TPM can be played multiplayer or against an AI. If you’ve played Political Machine 2008, the 2012 version isn’t much different. It has an updated candidate roster, but most of the rest of the game is very similar. TPM is an engaging strategy game which also manages to teach you about some of the difficult trade-offs candidates make when running a campaign.
Win the White House (Web)
This game is similar to The Political Machine, but clearly designed for students. The game doesn’t use real candidates, instead it asks you to choose your political party and select five key policy issues which are important to your candidate. Each turn represents a week of the campaign, and you can fundraise, poll, do media and make appearances. The amount that you fundraise each turn dictates the number of extra actions you can take that turn. The effectiveness of media and appearances in winning over a state depends highly on the policy issues you choose to highlight – if you haven’t done polling in a state, you won’t know which issues are important to it, so you may find your appearance has no effect! The number of electoral votes and the amount of cash each state can provide correlate well with reality, so as you’re playing the game you’ll find yourself coveting California, New York, and Florida.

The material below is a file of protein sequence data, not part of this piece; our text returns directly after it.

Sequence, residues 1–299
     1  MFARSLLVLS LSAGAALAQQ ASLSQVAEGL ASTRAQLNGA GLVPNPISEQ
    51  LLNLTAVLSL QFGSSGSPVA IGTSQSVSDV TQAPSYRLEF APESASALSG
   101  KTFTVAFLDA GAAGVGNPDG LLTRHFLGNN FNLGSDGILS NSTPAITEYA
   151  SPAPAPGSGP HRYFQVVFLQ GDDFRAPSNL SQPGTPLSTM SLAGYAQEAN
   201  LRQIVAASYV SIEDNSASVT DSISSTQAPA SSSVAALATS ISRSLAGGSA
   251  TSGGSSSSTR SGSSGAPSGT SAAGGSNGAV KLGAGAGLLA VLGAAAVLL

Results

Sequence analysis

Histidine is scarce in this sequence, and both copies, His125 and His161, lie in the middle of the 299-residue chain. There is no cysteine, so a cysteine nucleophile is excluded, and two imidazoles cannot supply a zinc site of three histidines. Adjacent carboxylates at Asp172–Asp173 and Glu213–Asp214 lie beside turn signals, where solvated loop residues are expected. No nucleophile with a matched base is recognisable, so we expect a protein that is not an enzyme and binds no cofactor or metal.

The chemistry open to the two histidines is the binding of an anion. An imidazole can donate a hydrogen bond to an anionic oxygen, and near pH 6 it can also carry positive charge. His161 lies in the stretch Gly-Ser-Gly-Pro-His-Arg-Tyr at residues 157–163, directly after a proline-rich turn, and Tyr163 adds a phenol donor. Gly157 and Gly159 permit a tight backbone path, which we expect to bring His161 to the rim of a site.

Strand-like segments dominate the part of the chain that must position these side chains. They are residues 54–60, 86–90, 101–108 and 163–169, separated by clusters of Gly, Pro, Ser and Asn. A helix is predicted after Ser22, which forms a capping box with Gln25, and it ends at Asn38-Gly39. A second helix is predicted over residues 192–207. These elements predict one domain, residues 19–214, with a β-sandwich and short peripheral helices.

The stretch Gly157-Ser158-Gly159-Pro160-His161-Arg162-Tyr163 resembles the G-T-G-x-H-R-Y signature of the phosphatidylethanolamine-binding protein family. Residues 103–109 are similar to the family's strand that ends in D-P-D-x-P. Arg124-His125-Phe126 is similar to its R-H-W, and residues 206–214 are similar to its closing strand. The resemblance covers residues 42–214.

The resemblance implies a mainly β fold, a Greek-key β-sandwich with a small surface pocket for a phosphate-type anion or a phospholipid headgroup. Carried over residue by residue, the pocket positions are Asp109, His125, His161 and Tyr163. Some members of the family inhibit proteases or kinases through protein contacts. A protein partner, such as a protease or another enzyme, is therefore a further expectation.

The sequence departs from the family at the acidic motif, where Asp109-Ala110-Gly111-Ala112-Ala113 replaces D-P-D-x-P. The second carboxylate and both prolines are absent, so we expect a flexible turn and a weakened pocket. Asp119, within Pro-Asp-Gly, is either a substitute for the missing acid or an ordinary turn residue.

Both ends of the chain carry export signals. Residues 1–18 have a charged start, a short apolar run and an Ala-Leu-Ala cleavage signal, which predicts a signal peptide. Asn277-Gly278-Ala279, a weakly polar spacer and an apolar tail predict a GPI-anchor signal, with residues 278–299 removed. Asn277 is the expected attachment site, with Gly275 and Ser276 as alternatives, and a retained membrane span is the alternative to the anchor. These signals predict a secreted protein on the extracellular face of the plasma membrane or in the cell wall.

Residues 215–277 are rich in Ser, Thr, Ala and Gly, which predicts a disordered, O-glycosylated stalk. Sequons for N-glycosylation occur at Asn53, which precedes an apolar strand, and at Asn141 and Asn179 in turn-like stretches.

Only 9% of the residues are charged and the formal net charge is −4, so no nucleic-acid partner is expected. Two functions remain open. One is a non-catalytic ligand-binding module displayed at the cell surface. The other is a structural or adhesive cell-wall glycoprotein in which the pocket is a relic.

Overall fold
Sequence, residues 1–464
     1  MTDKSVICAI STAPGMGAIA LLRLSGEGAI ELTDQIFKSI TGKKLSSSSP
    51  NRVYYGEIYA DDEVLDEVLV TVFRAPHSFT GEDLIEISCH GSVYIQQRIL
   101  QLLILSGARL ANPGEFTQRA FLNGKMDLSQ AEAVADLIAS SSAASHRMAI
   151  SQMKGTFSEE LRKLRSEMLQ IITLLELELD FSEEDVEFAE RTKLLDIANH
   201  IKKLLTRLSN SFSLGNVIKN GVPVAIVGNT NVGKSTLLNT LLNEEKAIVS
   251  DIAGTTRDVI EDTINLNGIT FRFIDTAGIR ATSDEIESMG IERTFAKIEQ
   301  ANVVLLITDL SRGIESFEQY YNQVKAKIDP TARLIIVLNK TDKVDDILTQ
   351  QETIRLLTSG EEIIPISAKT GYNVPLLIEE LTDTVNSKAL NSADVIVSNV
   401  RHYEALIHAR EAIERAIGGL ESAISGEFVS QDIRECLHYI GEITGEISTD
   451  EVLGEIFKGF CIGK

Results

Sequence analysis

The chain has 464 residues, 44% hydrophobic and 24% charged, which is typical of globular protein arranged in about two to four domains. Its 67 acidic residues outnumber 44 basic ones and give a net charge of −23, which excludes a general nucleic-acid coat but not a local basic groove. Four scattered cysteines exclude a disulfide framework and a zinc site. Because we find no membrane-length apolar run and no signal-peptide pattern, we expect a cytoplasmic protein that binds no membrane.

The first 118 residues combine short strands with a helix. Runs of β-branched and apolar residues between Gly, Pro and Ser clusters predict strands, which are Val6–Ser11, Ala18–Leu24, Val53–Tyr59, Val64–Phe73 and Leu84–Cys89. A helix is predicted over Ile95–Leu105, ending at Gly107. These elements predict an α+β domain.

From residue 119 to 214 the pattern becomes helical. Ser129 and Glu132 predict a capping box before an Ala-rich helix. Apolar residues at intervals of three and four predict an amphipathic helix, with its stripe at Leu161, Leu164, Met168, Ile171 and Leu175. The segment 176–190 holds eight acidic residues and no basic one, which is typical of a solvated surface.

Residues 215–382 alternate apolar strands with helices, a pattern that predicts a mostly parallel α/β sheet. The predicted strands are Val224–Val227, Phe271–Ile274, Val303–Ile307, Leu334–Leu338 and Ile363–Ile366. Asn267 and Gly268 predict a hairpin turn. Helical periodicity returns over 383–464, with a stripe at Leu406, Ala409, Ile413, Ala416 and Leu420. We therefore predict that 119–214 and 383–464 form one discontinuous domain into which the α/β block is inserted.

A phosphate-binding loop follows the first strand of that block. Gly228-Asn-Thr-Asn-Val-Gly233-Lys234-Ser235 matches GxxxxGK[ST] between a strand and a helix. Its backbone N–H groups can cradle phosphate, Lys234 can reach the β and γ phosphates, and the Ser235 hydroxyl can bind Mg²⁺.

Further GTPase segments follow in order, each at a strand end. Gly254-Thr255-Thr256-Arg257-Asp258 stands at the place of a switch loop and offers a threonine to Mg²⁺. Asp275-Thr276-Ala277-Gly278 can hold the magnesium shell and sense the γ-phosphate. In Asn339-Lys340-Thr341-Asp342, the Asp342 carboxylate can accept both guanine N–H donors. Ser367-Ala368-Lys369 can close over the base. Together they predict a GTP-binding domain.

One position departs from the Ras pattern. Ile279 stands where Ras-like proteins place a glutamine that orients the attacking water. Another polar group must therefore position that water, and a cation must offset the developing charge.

Win the White House is definitely more focused on students and has less real-world data in it than other similar games. Questions around policy decisions are peppered with silly answers, which diminishes their usefulness. The game is fun and free, and definitely worth checking out online.
VOTE!!! The Game (iOS)
Epic’s game “VOTE!!!” is undoubtedly the best looking game of all the political titles this season. It’s not designed as an educational game, but as an entertaining tongue-in-cheek 3D fighting game which uses the election as a theme. You can play as Obama or Romney and beat the snot out of the other guy using a variety of props and costumes. Gameplay is very engaging and fun, just as you would expect from Epic.
VOTE keeps track of the number of times each candidate is chosen for play, and displays a running tally. Currently the count is 35.9 million for Obama versus 34.7 million for Romney! The game also includes a link that takes you to the “Rock the Vote” site to register to vote, a nice touch.
Election: Run for President! (iOS)
Election is a turn-based card game played on a U.S. map game board. Cards are either “Campaign” or “Fundraiser” types, and are played on individual states – only one type of card can be played each turn, and the game is 12 turns long. When Campaign cards are played, you assign them an amount of cash from your bankroll, so skillful use of the Fundraisers are important to make sure you have loads of cash to spend on your campaign.
Election can be played solo or multiplayer, and as either a Republican or Democrat.